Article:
Many patients with lung cancer experience dyspnea, or shortness of breath, and a commonly used nonpharmacologic strategy for managing this effect is applying a stream of air toward the face with a handheld fan.  Although research has shown short-term benefits of this strategy, research on longer-term effects was lacking.

Therefore a group of researchers at a hospital in Turkey set out to assess a variety of effects that a handheld fan can have on dyspnea, including on pulmonary function test (PFT) values and arterial blood gas (ABG) levels. They also were interested in learning more about the potential effects on quality of life for patients with lung cancer. Their findings were published in the Clinical Journal of Oncology Nursing.

Of 142 hospitalized patients with lung cancer in the palliative care unit, 96 patients met the inclusion criteria. Participants were randomly assigned to a control group (49 patients) that received standard care, such as oxygen therapy, bronchodilator drugs, and semi-Fowler positioning; and an experimental group (47 patients) that received standard care plus were taught to use a battery-operated handheld fan held 15 cm away from their face 3 times a day for 5 minutes.

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Data was collected from both groups over the course of 14 days. The long-term effects of using the handheld fan was assessed by comparing the following scores on the first and fourteenth days: vital signs, modified Borg scale (MBS) scores, the Functional Assessment of Chronic Illness Therapy-Palliative Care (FACIT-Pal) scores, PFT values, and ABG levels.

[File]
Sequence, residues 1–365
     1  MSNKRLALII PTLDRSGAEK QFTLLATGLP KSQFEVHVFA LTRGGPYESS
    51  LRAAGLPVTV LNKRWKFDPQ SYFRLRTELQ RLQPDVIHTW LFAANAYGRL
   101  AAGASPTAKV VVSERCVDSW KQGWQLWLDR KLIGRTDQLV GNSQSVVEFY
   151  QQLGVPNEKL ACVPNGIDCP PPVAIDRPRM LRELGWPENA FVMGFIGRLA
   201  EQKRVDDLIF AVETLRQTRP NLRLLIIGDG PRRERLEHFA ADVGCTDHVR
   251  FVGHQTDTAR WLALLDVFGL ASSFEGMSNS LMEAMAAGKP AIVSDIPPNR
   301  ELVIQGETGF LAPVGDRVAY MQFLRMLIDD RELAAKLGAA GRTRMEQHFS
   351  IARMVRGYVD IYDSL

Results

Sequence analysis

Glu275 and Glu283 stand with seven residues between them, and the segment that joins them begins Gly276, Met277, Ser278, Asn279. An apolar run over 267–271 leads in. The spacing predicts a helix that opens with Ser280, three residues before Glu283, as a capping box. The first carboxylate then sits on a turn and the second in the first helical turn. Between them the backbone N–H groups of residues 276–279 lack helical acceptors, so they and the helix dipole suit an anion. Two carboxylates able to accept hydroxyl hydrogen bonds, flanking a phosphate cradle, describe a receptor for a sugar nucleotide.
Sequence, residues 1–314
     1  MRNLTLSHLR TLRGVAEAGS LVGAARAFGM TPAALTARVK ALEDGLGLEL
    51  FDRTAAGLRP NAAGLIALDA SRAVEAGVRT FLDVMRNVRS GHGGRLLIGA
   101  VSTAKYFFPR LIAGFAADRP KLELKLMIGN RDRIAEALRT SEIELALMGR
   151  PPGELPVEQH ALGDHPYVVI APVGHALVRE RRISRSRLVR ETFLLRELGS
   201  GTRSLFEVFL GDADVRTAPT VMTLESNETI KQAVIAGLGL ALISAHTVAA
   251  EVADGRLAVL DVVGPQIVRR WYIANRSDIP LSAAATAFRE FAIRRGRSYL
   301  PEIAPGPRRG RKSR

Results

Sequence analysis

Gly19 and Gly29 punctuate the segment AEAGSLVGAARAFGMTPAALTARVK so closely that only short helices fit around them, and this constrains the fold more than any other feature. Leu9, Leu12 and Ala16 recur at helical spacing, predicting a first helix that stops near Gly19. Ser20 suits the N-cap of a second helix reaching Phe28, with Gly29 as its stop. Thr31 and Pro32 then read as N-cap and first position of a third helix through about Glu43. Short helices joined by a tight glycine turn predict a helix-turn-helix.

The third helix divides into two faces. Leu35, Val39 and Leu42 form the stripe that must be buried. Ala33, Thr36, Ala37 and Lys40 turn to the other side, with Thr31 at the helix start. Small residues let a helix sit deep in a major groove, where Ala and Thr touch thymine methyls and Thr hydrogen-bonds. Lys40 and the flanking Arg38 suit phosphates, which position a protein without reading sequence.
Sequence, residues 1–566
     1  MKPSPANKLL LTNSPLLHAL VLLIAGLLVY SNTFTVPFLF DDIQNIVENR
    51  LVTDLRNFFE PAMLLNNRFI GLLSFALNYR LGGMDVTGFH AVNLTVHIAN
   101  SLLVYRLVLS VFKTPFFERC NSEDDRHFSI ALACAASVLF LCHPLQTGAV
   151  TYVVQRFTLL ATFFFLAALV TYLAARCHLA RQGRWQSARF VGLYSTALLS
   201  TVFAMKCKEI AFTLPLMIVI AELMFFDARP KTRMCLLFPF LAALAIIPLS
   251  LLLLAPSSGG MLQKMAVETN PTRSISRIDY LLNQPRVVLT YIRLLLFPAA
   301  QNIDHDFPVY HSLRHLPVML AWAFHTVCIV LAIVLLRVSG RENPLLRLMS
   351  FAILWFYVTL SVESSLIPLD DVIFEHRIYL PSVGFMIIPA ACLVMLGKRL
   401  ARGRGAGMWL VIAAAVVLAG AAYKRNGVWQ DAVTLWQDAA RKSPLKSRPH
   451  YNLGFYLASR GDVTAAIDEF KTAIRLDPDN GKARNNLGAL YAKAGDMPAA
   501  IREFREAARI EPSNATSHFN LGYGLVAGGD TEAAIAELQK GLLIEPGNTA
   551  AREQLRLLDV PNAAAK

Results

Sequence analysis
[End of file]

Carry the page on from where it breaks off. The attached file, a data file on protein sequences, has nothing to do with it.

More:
No statistically significant difference was noted between the PFT values and the ABG levels of participants in both groups on the fourteenth day, and no statistically significant difference was noted between the 2 groups in total FACIT-Pal scores on the first day. But a statistically significant difference was documented on the seventh and fourteenth days, with higher total scores among the patients in the experimental group.

“In this study, the MBS scores of the participants in the experimental group were lower on the fourteenth day as compared to the other days, indicating that the long-term use of the handheld fan was effective in reducing participants’ dyspnea,” the researchers reported.

The experimental group also experienced better quality of life. “Therefore, the use of a handheld fan is a practical, inexpensive and home-friendly approach to manage dyspnea in this patient population,” they concluded. This evidence provides guidance for palliative care nurses, who could either try using fans with their patients or teaching them how to use handheld fans themselves when experiencing dyspnea.

These findings were limited by the study’s relatively small number of participants and that it was conducted at a single center. The researchers also noted that high mortality rates among patients with lung cancer made follow-up with participants difficult.


Kocatepe V, Can G, Oruc O. Lung cancer-related dyspnea: the effects of a handheld fan on management of symptoms. Clin J Oncol Nurs. September 2021.

This article originally appeared on Oncology Nurse Advisor